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The USWNT midfield problems, and how to solve them

The US desperately needs a world-class holding midfielder. Fortunately, they've got Morgan Brian. 

USA v France: Women's Football - Olympics: Day 1 Photo by Pedro Vilela/Getty Images

The United States Women’s National Team is on an incredible run in 2016, with sixteen wins against one draw and zero losses. They’ve conceded only four goals in that time, three in their one draw against Japan. By any measure, they have completely dominated their opposition.

And yet, some questions do remain. The US earned another victory against France on Sunday, but didn’t particularly impress in the process. Especially in the first half, France was very much in the ascendancy. And absent a stellar performance from Hope Solo, the US could well have lost the game. Of course, even the best teams have off days. But still the question remains...are there real weaknesses in this team? And if so, could those danger zones be better shielded?

This article will explore one such danger zone—the central midfield—and discuss a potential solution.

As with all such comments, it’s important to not miss the forest for the trees. All choices come with consequences. Fixing one old problem could easily generate two new ones. So these comments are tentative rather than definitive. Still, it’s worth asking the questions.

The US tactical setup: decentering the center

To begin, it’s important to understand why the central midfield is a weak spot for the USWNT. It’s not due to personnel. Although it’s not a special strength of the team, there’s plenty of talent there. Instead, it’s more down to the team’s tactical setup.

In the system the US has been playing for most of 2016, the primary vector of attack is down the flanks. Obviously, this has been highly successful, and is a good way to maximize the talent available on the team—which is light on true ‘wingers’ but heavy on skillful players with a lot of pace, who can easily work down sidelines and then drive inward in the final third.

However, this system puts a great deal of pressure on its holding midfielders, who are with quite a few potentially contradictory assignments.

First, they need to protect a backline which is often quite exposed, since the fullbacks are expected to push forward as much as they possibly can. This means there is often a huge expanse of space in need of coverage.

Second, in possession they need to usher the ball up the flanks, forming quick triangles with the wingers and fullbacks, saving them from getting caught in possession, and helping the ball to get forward with pace.

Third, they need to establish a threat between the two wings, allowing the offense to switch its point of attack. Even if the plan is to work up the flanks, game theory demands that you pose a credible threat of simply punching through the center in order to keep the defense honest. Effectively using the center of the pitch in this system means working like a quarterback, drawing defenders in toward you and then spraying the ball through the resulting gaps.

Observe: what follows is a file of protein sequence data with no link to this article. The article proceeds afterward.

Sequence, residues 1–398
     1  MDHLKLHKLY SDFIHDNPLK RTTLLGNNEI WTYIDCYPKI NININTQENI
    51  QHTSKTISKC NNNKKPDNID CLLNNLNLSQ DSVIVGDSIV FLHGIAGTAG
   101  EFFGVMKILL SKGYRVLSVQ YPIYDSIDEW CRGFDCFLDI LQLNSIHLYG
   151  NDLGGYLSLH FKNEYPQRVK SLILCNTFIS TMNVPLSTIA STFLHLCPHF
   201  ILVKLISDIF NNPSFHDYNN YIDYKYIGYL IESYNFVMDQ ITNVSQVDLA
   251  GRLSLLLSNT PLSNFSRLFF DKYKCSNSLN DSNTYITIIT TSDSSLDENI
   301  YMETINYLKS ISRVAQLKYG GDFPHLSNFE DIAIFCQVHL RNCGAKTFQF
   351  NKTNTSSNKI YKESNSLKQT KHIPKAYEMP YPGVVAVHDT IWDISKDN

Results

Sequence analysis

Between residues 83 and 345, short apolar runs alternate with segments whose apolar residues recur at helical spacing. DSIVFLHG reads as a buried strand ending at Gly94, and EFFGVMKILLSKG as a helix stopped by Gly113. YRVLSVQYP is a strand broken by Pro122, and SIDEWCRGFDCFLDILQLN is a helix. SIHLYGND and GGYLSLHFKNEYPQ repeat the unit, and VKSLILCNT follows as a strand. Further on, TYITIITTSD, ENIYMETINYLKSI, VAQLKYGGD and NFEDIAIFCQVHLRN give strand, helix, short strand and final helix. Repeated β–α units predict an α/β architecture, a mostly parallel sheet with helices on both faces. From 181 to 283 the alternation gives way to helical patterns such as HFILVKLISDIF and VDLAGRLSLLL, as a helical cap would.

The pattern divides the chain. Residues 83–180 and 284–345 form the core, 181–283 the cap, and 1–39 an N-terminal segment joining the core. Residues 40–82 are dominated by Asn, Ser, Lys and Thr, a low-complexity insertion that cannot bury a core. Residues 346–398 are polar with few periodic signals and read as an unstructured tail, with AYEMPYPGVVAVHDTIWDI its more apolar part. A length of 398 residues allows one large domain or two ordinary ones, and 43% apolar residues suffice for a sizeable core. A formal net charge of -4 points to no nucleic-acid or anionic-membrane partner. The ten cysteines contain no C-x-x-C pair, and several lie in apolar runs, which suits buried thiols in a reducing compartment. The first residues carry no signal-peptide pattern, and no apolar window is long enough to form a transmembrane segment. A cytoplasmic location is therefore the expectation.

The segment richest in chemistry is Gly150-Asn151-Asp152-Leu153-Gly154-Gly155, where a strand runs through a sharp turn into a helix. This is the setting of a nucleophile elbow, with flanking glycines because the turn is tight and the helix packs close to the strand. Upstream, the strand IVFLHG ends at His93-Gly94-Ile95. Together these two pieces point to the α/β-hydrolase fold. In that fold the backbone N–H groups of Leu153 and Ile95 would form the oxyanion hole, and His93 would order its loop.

This puts a lot of responsibility on the two deeper midfielders, who need to employ intelligent movement off the ball, in order to find open space without sacrificing their defensive responsibilities. If the other team wins the ball, they will obviously look to take advantage of the space in the center that you are mostly leaving unoccupied.

All of this shows why the system generally requires two holding players. Their jobs are complementary: when one is involved the attack, the other drops back and take over the defensive responsibilities. However, the two aren't simply mirror images of one another. After all, if you set up with two deep holding players, that leaves a huge gap in the center of the pitch, and makes it effectively impossible to ever build through the middle. That means you need one player to play more of a box-to-box midfielder, while the other stays in more of a true holding role.

To visualize all this, here’s an approximation of the US tactical setup against France:

In particular, note that Morgan Brian and Allie Long are both in holding positions, with Brian taking the left, and tasked with more attacking responsibility. Long, meanwhile, should generally only go forward when accompanying the ball as it moves up the right flank.

Where to play Morgan Brian?

There is a good reason for such an arrangement. Put simply: Brian is the more skillful player, and you generally want your best players on the ball as far forward as they can get. If Long can handle the holding role, the argument goes, let her stay back and give Brian license to range forward. It's not that Long is useless in attacking positions herself (as her work with Portland demonstrates clearly), just that Brian is better. And there's no shame in being less skillful than Morgan Brian.